VATICAN CITY — Pope Francis on Friday created another commission of inquiry into the Vatican's troubled finances, naming an eight-member committee to recommend ways to cut waste, improve transparency and fix the Holy See's administrative shortcomings.
It was the third such commission Francis has named in his four months as pope and signaled that big changes are coming as he responds to demands by the cardinals who elected him to overhaul the dysfunctional bureaucracy that runs the 1.2 billion strong Catholic Church.
The Holy See's problems, which have long been acknowledged in church circles, were revealed publicly last year with the leaks of papal correspondence by then-Pope Benedict XVI's butler, which then later appeared in a blockbuster book.
The documents exposed the petty turf battles among Vatican bureaucrats, allegations of corruption in the awarding of Vatican contracts and enormous fiscal waste, including the 550,000 euro ($720,115) the Holy See spent in 2009 for its Christmas Nativity scene in St. Peter's Square.
The Vatican said Friday the commission's aims were to "simplify and rationalize" the Holy See administration and better plan its spending.
The commission, made up of seven lay people and a Vatican monsignor, will recommend reforms to avoid wasting money, improve transparency in buying goods and services, better administer the Vatican's vast real estate holdings and ensure correct accounting principles, among other things, according to the legal document creating the commission.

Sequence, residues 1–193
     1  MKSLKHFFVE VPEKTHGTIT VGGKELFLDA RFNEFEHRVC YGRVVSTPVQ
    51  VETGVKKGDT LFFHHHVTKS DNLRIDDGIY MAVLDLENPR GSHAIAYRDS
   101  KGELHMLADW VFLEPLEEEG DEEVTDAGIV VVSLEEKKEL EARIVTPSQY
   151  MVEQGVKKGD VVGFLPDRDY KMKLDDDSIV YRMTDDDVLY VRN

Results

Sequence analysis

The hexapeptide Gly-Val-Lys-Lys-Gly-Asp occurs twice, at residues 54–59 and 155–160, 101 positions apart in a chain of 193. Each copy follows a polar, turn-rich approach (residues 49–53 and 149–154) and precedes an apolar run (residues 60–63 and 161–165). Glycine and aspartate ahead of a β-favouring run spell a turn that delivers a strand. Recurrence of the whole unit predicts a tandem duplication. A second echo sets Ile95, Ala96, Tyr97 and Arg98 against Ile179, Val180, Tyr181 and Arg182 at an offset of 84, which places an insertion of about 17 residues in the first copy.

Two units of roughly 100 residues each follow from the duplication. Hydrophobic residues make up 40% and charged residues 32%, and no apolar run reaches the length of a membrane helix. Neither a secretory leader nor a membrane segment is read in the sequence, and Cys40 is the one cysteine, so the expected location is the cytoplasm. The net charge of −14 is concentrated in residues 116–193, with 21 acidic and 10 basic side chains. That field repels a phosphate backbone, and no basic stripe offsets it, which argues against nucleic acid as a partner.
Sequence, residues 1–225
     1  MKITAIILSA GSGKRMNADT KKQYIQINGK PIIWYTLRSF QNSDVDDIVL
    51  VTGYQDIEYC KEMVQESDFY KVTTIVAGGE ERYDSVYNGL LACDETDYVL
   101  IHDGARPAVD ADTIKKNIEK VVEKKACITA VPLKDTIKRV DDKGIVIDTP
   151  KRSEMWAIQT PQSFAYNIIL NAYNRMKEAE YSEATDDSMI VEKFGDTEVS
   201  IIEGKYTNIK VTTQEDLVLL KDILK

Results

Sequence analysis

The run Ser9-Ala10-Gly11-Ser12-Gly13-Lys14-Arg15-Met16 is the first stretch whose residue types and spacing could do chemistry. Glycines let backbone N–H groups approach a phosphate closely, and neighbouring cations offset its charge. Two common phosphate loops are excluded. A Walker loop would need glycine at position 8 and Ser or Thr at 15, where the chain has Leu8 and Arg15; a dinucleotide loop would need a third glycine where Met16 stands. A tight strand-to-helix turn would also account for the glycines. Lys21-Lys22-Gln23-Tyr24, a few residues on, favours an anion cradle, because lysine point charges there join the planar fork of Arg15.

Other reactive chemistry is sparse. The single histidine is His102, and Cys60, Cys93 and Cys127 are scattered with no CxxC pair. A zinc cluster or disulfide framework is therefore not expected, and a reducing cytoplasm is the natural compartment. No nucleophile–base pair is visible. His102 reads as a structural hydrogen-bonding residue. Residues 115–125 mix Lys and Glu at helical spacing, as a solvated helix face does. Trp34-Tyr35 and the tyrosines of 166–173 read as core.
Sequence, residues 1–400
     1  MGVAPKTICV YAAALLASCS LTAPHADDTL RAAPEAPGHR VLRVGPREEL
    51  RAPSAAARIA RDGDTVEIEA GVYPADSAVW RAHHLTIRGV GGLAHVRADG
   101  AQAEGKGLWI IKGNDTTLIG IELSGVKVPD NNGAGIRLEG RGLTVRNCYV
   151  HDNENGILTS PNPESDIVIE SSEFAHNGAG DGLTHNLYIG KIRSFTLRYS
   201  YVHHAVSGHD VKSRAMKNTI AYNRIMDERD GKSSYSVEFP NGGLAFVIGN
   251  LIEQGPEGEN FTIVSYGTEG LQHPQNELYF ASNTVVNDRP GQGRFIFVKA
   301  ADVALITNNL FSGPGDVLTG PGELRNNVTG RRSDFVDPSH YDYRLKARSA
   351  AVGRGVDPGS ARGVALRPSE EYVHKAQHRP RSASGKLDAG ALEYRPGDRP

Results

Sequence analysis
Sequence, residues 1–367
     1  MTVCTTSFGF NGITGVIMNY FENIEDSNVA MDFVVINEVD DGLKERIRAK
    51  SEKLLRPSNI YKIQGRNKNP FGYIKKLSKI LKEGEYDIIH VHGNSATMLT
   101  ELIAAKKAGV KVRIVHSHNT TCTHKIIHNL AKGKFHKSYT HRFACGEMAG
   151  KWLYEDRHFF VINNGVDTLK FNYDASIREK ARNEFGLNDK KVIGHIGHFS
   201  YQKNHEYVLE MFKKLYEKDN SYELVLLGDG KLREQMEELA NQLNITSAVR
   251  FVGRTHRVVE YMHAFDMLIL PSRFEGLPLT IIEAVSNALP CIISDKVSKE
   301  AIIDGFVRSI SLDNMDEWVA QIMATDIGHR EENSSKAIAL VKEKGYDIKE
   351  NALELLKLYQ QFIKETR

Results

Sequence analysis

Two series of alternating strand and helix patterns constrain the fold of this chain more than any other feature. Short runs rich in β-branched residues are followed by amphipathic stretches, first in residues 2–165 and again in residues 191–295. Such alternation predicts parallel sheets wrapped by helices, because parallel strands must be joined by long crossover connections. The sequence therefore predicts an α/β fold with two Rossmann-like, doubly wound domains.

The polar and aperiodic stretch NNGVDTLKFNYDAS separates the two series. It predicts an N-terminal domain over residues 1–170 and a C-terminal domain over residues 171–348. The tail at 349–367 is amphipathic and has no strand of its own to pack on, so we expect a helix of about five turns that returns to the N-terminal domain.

Francis has made clear that he has no tolerance for waste, financial or otherwise, denouncing consumerism and the world's "throw away" culture. He has made reaching out to the world's poor and marginalized with a more missionary church his main priority. He has also proven himself to be a decisive administrator, seeking counsel from others but acting alone.
On the one-month anniversary of his election, Francis named eight cardinals to help him govern the universal church and study an overall reform of the Vatican bureaucracy. The Holy See has been criticized for having offices with overlapping functions which nevertheless operate as individual fiefdoms that don't communicate with one another.
Last month, he named a commission of inquiry into the scandal-plagued Vatican bank, whose top two managers resigned amid a widening money-laundering probe by Italian magistrates and a related scandal involving a 20 million euro ($26 million) money-smuggling plot allegedly engineered by a Vatican monsignor.
Friday's commission into the economic and administrative organization of the Holy See will report to Francis but it will also collaborate with the "Group of Eight" cardinals named in April, the document said. The first meeting is in October.
The Holy See posted a 2.2 million euro ($2.85 million) budget surplus for 2012, an improvement from the previous year when it booked a 14.9 million euro shortfall. The Vatican City State, which runs the profit-making Vatican Museums, post office and supermarket, has a separate budget. Its profits were 23.08 million euros, up from 21.8 million euros in 2011.
Combined, the Holy See and Vatican City State employ about 4,760 people.